Splitit Payments Ltd (ASX: SPT) shares listed on the ASX in January 2019 and reached its highest point in March. Since then, it’s been on a steady decline. Will it bounce back?

About Splitit

Splitit offers consumers the ability to split the purchase price of basic products; the popular ‘buy-now-pay-later’ model that Afterpay Touch Group Ltd (ASX: APT) has so successfully implemented.

As Splitit’s website reads, “Shoppers can split their purchases into up to 36 interest-free monthly payments using their existing Visa or Mastercard.”

For a comparison of Splitit’s business model and Afterpay’s business model, see this Rask Media article.

Splitit’s Quarterly Update Didn’t Help

Only a week ago, Splitit released a quarterly update that saw the share price shoot up 25% on the day of the announcement.

At first glance that seems great. In reality, however, it was a small bump in a pretty steady fall that’s been taking place since March.

Over the last month, the share price has fallen around 11% – that’s despite the 25% climb on the day of the announcement. Since March 12th, when it reached a price of $1.62, the share price has fallen just short of 34%.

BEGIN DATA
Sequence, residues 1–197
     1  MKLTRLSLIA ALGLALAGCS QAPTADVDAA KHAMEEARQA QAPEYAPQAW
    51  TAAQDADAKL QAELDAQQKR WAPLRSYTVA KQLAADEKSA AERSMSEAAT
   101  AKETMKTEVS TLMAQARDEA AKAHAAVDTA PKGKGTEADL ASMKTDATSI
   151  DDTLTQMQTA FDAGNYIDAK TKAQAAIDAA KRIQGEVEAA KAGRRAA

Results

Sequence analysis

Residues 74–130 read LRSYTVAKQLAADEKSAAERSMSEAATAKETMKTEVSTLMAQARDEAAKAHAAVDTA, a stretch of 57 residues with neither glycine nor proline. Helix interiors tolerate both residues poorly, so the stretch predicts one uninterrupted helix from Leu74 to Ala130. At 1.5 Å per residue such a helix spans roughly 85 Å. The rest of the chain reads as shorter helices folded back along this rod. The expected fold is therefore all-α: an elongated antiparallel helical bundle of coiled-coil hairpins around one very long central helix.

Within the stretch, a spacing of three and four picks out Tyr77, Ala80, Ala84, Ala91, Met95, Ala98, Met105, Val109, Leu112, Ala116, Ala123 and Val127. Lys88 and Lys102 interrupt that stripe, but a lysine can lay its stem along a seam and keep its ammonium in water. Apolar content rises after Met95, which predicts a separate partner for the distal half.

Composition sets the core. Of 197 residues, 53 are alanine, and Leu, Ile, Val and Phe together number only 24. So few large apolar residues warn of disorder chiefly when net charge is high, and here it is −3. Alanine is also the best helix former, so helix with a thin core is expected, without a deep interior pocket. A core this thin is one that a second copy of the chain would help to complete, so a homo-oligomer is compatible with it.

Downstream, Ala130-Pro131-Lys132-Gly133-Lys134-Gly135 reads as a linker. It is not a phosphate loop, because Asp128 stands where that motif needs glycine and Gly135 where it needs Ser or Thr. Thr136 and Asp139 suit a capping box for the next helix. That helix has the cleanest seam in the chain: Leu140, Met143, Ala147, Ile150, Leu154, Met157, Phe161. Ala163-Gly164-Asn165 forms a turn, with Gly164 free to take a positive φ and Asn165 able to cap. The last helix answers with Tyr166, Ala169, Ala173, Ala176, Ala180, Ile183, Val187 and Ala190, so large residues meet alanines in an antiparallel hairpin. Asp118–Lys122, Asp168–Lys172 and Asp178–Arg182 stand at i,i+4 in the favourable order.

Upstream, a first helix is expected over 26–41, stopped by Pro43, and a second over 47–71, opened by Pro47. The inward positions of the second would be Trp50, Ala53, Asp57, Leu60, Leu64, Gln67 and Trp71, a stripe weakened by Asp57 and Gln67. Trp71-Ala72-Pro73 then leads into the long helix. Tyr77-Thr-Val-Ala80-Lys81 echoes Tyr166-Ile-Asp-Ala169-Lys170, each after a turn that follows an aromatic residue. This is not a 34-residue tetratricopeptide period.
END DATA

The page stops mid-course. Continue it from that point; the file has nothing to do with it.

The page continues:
Was that time in March the high-point of the Splitit share price… or will it climb back to those levels?

A High Valuation

Splitit is currently valued at around $293 million which seems high for a business that doesn’t make a profit. While Afterpay also has a sky-high market capitalization, it has a fairly large revenue stream to support that.

Splitit is yet to make any significant amount of revenue that I think would justify the share price, and, while they’re growing, they don’t seem to have the same penetration and brand awareness that Afterpay has achieved.

So Are Splitit Shares A Buy?

I still feel Splitit shares could be overvalued given the early stage the business. The entire “buy-now-pay-later” industry is a hot-spot for investors right now, so I’m hesitant to jump in.

If Afterpay shares came down in price considerably, I’d probably feel more comfortable owning those shares because of the competitive advantage they have (brand awareness, big merchants, lots of users, etc.).

Right now, though, I’d rather stick to proven businesses that are easy to understand, like the ASX growth shares identified in the free report below.


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Disclaimer: Any information contained in this article is limited to general financial/investment advice only. The information has not taken into account your specific needs, goals or objectives, so please consider consulting a licenced and trusted adviser before acting on the information. Please read The Rask Group’s Financial Services Guide (FSG) for more information. This article is authorised by Owen Raszkiewicz of The Rask Group, which is a corporate authorised representative No. 1264179 of Strawman Pty Ltd (ACN: 610 908 211) (AFSL: 501 223).

Disclaimer: At the time of writing, Max does not own shares in any of the companies mentioned.